Why Schools Should Embrace the Return of Field Trips


Picture of ERHS students at the Green Summit Field Trip at Schmidt Outdoor Education Center. Photo courtesy of the ERHS Environmental Defense Club.

Brooke Sharp, Business/Social Media Manager

Field trips are a staple in the childhoods of many current middle and high school students. However, field trips went to a halt completely after Covid erupted and even before then, field trips were on a significant decline over the past decade. As a result, current elementary school students have not gotten the opportunity to travel to a Smithsonian Museum in D.C. and experience the thrills that it gave us when we were growing up. Thus, the return of field trips should be encouraged not only by students in schools but also by teachers and parents because of the explicable beneficial effects it has on students.

Understandably, parents are reluctant to encourage their children’s schools to plan field trips because of the valuable learning time that is “taken away” from them. However, it was reported by the Student and Youth Travel Association in 2016 that field trips boost students’ cultural awareness by 79%, reinforce personal development by 74%, and create a positive outlook on a student’s view on their education overall. Field trips allow students to travel with their peers to experience the real world for themselves — giving them a glimpse into what people in the world look like and what being independent feels like.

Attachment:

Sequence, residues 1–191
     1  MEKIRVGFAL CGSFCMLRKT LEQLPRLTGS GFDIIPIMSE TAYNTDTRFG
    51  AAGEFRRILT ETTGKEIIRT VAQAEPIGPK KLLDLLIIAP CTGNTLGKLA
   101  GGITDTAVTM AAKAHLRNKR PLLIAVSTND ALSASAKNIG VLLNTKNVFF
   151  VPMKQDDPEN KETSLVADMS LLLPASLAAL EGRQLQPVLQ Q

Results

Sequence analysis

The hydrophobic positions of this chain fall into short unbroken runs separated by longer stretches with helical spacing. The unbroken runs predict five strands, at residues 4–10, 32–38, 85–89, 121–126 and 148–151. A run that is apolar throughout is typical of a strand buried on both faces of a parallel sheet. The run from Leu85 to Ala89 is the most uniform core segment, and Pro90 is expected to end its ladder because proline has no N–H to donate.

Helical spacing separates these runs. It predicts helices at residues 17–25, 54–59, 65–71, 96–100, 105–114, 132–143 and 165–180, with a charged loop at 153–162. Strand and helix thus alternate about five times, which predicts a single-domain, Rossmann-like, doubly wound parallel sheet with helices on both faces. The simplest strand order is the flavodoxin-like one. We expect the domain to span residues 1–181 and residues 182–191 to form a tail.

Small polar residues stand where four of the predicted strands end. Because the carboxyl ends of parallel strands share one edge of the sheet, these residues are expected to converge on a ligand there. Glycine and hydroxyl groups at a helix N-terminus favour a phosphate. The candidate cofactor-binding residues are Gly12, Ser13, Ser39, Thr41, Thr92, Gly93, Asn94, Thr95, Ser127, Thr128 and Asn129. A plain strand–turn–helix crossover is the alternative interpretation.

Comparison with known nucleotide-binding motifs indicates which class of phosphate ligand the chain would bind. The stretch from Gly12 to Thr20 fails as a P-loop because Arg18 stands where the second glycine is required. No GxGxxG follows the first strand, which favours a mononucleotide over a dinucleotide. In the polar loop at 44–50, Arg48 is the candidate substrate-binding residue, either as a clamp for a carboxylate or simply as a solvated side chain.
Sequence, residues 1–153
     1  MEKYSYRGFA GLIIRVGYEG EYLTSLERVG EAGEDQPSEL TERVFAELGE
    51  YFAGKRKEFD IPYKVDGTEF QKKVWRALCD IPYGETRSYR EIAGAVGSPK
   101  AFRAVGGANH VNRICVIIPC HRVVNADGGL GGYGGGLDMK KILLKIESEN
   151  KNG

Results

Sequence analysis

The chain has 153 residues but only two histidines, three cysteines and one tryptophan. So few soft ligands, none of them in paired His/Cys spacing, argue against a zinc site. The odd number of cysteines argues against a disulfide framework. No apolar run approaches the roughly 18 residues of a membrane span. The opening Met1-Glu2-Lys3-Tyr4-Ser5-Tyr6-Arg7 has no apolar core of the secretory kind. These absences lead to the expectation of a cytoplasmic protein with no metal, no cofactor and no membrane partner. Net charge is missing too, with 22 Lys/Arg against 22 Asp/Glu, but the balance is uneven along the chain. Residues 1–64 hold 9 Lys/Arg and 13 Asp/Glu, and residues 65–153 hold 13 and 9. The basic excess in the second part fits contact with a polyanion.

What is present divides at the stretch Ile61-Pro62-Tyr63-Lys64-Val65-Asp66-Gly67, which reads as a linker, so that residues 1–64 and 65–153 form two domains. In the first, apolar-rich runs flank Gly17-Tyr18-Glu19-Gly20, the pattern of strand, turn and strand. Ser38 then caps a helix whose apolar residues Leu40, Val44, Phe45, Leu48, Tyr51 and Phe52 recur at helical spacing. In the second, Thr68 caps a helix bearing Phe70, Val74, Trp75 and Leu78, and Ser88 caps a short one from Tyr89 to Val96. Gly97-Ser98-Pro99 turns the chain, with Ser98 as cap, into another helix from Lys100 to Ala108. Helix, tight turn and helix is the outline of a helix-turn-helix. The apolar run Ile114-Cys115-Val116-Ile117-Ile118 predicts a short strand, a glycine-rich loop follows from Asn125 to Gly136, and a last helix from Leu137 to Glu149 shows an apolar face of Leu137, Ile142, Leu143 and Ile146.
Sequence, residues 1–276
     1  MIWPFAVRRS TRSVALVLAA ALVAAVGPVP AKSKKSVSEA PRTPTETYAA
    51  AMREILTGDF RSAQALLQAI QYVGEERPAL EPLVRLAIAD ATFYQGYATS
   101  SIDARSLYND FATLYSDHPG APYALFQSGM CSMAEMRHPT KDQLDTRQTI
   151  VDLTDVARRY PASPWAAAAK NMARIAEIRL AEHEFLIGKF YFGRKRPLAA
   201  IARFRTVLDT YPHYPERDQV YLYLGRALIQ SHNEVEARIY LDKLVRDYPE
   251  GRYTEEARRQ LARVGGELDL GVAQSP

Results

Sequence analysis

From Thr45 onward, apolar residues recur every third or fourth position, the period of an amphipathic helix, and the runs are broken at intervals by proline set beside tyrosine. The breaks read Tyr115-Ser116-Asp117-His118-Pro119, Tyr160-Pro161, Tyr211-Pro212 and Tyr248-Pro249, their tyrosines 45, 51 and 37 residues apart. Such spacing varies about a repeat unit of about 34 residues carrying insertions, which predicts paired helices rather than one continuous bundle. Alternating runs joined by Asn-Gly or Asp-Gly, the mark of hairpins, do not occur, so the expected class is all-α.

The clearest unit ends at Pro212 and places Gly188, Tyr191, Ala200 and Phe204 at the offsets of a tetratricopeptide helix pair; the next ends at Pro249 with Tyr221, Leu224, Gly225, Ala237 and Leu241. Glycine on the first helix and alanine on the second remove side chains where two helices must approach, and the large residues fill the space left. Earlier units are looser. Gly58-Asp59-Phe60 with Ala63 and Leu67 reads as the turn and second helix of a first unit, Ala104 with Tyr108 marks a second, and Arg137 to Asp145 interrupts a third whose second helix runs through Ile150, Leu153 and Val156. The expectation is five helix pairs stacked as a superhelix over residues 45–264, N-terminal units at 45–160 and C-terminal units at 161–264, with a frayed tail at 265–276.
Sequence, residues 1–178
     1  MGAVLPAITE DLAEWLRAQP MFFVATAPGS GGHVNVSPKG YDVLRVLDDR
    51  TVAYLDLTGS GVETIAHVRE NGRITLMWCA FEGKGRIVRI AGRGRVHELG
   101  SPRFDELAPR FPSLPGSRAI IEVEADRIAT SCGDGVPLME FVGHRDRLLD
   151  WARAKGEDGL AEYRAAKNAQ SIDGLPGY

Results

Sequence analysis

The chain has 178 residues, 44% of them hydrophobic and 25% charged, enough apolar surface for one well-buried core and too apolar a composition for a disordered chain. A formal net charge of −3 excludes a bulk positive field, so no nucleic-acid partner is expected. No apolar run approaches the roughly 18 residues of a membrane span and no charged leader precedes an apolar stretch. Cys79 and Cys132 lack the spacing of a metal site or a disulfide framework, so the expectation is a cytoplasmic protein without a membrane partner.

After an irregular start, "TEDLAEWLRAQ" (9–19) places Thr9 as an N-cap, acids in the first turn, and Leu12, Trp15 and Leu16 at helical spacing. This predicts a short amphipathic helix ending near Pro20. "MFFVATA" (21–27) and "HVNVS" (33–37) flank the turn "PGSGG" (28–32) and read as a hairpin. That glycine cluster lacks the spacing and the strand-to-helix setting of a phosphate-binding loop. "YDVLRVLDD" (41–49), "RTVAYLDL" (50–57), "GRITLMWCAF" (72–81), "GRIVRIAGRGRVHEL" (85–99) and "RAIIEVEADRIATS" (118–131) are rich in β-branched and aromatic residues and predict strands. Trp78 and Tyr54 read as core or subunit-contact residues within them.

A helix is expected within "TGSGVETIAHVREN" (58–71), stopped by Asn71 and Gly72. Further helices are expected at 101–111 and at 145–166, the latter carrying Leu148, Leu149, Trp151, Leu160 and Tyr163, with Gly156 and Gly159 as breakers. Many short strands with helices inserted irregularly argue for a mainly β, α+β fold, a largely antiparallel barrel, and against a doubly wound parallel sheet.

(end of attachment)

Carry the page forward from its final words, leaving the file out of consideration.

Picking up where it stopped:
Field trips not only allow students to gain a better understanding of the diverse world around them, but they also allow minority and other disadvantaged students to get opportunities to see the world that they would not get otherwise. This opportunity, I feel, is crucial in leveling the opportunities offered to more privileged students and schools should prioritize giving students that chance. 

Teachers and school administrators have the ability to plan, sponsor, and implement school field trips for their students that could have incredibly beneficial outcomes for younger and older students. As I recently went on a field trip to a college fair with a lot of the junior class, that opportunity to get exposure to a variety of colleges across the country would not have been possible without the work of the 11th-grade administrators. Though there will always be complaints from parents and the teachers left without some of their students, field trips are worth the extensive planning and funding in order to give students a new experience that can open their eyes to a world they will eventually enter on their own. So, let’s embrace those new experiences and embrace the return of field trips.